Swimming pools, Construction Sites, Manmade ponds, lakes and fountains, discarded appliances, abandoned automobiles, farm equipment, drainage ditches, trampolines, jungle gyms, playsets, and tree houses. What do they all have in common? These can all be considered an attractive nuisance under the attractive nuisance doctrine.
Under attractive nuisance law, a landowner can be held responsible if a child is injured by an “artificial condition” on the landowner’s property and all five of the following criteria are met:
- The landowner knows (or should know) that children are likely to trespass on the property.
- The condition on the property has the potential to cause death or serious bodily harm to children.
- The children involved are too young or inexperienced to understand the risk presented by the condition.
- The benefit of maintaining the condition or the cost required to remedy the condition is minimal compared with the risk to children.
- The landowner fails to take reasonable measures to eliminate the danger posed by the condition.
A few things to keep in mind: The law doesn’t expect children to fully comprehend the dangers they may face and if a property owner has reason to believe that children might come onto their property, the law places a special responsibility on them to prevent harm. If an owner fails to meet this responsibility, they will most likely be held liable for the child’s injuries.
Limiting your liability for injury caused by attractive nuisances comes down to common sense. Think about what could possibly go wrong that could result in an accident. Have you done everything you can to prevent such an incident? Reduce your risks now, before accidents occur.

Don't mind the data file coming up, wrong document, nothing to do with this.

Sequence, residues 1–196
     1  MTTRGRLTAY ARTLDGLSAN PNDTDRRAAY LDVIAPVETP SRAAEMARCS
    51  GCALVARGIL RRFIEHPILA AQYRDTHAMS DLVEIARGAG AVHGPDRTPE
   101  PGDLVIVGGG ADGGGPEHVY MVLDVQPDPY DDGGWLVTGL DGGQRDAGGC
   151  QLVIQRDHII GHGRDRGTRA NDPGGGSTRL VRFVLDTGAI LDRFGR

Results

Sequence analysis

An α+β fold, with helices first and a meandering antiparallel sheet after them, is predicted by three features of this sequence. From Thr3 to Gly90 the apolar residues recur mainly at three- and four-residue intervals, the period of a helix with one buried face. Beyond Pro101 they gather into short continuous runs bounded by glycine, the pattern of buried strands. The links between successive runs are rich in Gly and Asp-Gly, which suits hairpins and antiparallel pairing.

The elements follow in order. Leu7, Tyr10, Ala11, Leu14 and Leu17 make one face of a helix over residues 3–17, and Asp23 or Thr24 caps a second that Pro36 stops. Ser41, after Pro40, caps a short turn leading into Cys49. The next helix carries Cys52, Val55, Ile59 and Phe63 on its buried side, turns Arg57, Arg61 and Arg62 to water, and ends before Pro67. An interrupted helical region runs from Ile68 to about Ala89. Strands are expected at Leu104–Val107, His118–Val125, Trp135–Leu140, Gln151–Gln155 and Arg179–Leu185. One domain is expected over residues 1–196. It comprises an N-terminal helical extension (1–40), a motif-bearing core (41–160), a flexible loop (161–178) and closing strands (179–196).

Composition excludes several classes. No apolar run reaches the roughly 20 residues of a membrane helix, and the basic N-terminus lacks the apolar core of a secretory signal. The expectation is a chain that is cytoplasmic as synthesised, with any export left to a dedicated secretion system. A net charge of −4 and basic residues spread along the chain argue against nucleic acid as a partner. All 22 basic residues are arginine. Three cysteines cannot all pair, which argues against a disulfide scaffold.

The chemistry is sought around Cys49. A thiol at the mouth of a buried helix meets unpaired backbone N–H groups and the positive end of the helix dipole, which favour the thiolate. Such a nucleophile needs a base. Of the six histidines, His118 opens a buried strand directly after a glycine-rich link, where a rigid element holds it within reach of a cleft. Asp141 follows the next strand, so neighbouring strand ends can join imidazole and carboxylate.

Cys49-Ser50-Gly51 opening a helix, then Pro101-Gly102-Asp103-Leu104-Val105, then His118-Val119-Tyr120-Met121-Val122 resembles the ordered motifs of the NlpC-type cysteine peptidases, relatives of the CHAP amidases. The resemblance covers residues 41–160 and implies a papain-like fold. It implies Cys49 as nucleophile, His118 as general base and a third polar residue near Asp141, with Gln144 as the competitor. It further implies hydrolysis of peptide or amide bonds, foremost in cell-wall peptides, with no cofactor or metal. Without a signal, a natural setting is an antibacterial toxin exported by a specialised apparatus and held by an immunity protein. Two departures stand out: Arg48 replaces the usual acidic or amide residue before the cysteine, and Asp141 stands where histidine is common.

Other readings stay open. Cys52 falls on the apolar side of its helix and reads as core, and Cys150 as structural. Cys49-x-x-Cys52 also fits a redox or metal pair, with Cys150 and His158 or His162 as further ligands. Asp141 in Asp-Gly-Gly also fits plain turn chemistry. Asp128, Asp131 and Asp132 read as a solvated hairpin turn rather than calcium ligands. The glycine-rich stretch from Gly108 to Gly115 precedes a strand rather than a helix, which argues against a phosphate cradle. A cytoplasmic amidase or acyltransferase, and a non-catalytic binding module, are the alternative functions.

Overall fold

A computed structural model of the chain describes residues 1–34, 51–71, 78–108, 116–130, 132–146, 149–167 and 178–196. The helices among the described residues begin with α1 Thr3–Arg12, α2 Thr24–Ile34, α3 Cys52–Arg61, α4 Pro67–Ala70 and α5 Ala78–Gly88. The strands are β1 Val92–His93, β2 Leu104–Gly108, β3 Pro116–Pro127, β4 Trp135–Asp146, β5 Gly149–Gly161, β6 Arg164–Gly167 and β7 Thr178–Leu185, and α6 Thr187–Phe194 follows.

Let’s talk about insurance: Liability Insurance can’t make attractive nuisance safer but it can protect you from financial losses.
Some carriers may have underwriting guidelines which state they will not insure some of these things. There are instances where if the insurance company finds out about an exposure (most do inspections of the property they insure) that they are not comfortable with, they can cancel the policy. As always if you have something that can be classified as an attractive nuisance it is vital that you disclose to your agent and insurance company completely. There are policies that cover attractive nuisances and you can be correctly covered.
There are 3 ways that insurance policies cover attractive nuisances. Let’s use a trampoline as an example.
No Exclusion- Policies can have no exclusions, so that your liability coverage will cover medical bills or a judgement for damage caused by the trampoline and your personal property coverage will cover damage to the trampoline.
Coverage with safety precautions– The policy will specify certain precautions that must be maintained in order to be covered, for example insisting on net enclosures or a fence around the property. Failure to comply with these precautions can result in a claim being denied.
Specific Exclusion– ex Trampoline Exclusion- The carrier will issue a policy for the property and home but will not cover trampoline-related claims. If you add a trampoline after the policy is written it may mean your policy won’t be renewed or will be cancelled.